November 18, 2016
I received an email yesterday from an Oregon principal asking for advice. In the wake of the election, incidents of serious harassment and bullying dramatically increased at his school. Perhaps you are experiencing this, too. So, how do we create a safe place for all children?
I do not have all the answers, but I can be part of the solution. There are things that need to be done in the short term, as well as putting a strategy in place for the long term.
I agree that in the short term, there must be consequences for individuals. A message must be sent to all students that harassing, intimidating, bullying behavior has no place in school. If certain behavior was inappropriate before the election and warranted sanctions, then after the election similar behaviors warrant similar sanctions. The principal, however, was seeking help beyond immediate consequences. What else can be done? What can we do to change course?
This is a complex, layered question for which there is no one answer. But I have some ideas.
The election results did not create the incendiary circumstances we are in. The fuel for the fire had been building for a long time. Election results merely ignited flames of discontent across the country. It took a long time to get to this place so it will take a long while to get out. There is not a quick fix.
We know that people of all political persuasions are hurting, and many are angry. When people are angry, they want to be heard. Isn’t that what we all want – to be heard? Hearing requires listening. Talking, listening, discussing – learning how to be effective discussants has assumed a new level of importance.
I was reminded of the healing power of conversation by an article by German Lopez appearing in Vox this week. Here were my key takeaways:
- A recent study found that even a short conversation between two people asking that they put themselves in the shoes of a marginalized group led people to reevaluate their bias. I can relate. This makes sense. After all, I know that I am more likely to be convinced of something after a one-on-one.
- Confronting people by calling them racist, misogynistic, and so on only makes matters worse. This also makes sense. Getting called out often makes one defensive, and feeling defensive is a barrier to understanding.
- Finding common ground is key. Imagine that the person being railed against for his “white privilege” and being “racist” is learned to have recently become unemployed and lost a loved one due to a heroin overdose. Perhaps the crux of the issue is financial insecurity, hunger, or health consequences. Looking through a different lens paints a different picture. Empathy results.
Our challenge, of course, is how we create common ground and empathy for others in the school environment. Long-term strategies are needed. I suggest that we are deliberate in creating school environments where talking about controversial issues is commonplace. Learning how to talk about controversial issues is an important and necessary life skill, and it takes time. Lack of time should not be a deterrent.
Talking about controversial topics takes skill, and these skills can be learned. One place to start is by using the Deliberating in a Democracy materials put together by champions in civic education Constitutional Rights Foundation and Street Law. These deliberations include a wide range of topics, one of which is on hate speech. In these discussions, students practice examining, listening, reflecting, analyzing, and discussing. Another strategy is to use simulations such as mock trials, moot courts, and town halls. They all boost skill building in examining and appreciating multiple viewpoints. CLP’s weekly Current Events also include prompts that stimulate discussion of multiple sides.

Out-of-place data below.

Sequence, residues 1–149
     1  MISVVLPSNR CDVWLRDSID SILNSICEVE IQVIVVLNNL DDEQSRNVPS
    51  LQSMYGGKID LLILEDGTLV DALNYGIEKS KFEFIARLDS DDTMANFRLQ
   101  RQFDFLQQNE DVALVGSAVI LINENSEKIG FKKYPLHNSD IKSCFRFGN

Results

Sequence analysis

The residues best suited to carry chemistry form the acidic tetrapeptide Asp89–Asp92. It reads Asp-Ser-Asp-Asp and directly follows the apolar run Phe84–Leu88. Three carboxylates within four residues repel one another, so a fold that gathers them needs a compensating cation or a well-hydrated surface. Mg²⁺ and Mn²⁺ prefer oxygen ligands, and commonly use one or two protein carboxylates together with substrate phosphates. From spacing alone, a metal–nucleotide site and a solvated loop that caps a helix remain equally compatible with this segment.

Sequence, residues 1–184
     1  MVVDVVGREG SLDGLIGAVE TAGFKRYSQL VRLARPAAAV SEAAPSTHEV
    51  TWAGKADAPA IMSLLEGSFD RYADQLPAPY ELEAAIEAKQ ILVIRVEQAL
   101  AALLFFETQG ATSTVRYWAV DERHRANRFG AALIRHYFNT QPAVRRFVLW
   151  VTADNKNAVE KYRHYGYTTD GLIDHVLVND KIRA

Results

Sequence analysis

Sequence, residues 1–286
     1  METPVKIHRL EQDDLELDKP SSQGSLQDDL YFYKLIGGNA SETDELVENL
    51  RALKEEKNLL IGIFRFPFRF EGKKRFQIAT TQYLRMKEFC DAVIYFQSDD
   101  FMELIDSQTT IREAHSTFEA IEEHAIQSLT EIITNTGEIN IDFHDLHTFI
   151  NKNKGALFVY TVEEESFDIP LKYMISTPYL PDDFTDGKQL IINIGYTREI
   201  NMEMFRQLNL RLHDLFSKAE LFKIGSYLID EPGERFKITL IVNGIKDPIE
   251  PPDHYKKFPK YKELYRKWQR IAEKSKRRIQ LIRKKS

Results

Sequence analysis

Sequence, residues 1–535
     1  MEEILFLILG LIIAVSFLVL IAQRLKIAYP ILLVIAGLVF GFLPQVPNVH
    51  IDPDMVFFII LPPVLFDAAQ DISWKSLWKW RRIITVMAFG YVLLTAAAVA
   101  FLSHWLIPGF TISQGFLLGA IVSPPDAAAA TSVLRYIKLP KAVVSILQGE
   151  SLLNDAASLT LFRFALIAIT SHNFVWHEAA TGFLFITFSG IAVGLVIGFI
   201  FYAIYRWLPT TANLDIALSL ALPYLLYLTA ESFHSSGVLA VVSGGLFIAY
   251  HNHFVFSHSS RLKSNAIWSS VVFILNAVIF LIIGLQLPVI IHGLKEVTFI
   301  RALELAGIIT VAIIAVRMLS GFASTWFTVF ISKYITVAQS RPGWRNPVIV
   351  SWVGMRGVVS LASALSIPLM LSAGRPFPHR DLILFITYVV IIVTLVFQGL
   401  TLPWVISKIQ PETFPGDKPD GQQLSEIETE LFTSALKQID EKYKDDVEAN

Many social studies teachers are skilled in discussion techniques. I urge educators to think beyond social studies classrooms. I think we can all agree that high quality discussion should take place in every classroom. Imagine analyzing the impact of a new discovery in science, questioning the statistics in math, and deconstructing the parable in literature using skilled, facilitated discussion techniques. I am not suggesting that teachers in other disciplines do not already have great discussions in their classrooms; many do. I am suggesting that educators in all disciplines find places in their lesson plans where students can practice more discussion. If teachers are not comfortable with their own skill level, then help is available. Mentoring, workshops, reading, practicing and so on are ways to bridge the gap. The work of Dr. Diana Hess, University of Wisconsin-Madison, and Dr. Walter Parker, University of Washington, is on point.
To make a course correction in school climate, we need to be in the same boat paddling together in the same direction. Every seat on the boat is a little different than the next and the view from that seat differs. But, oh-boy, if I am paddling one way when the person in front of me is going the other, we have a problem. Science is not Math, and Math is not Lit, and Lit is not Social Studies, but they are all classes where our students sit. Let’s provide a clear picture of the direction we are headed. I believe that picture should include high level, active, facilitated discussion.
Supreme Court Justice Felix Frankfurter said that “in a democracy, the highest office is the office of citizen.” Not every student is bound for college, nor is every student bound for the workforce. Every student, however, is bound for being a citizen in our community. Let’s work together to equip them with the skills they need. In so doing, I think we can provide that safe school we are looking for, and strengthen democracy in the process.
I recognize discussion alone is not a cure all. But it can be a part of the solution. Let’s continue talking about it.
Marilyn R. Cover
Civics Learning Project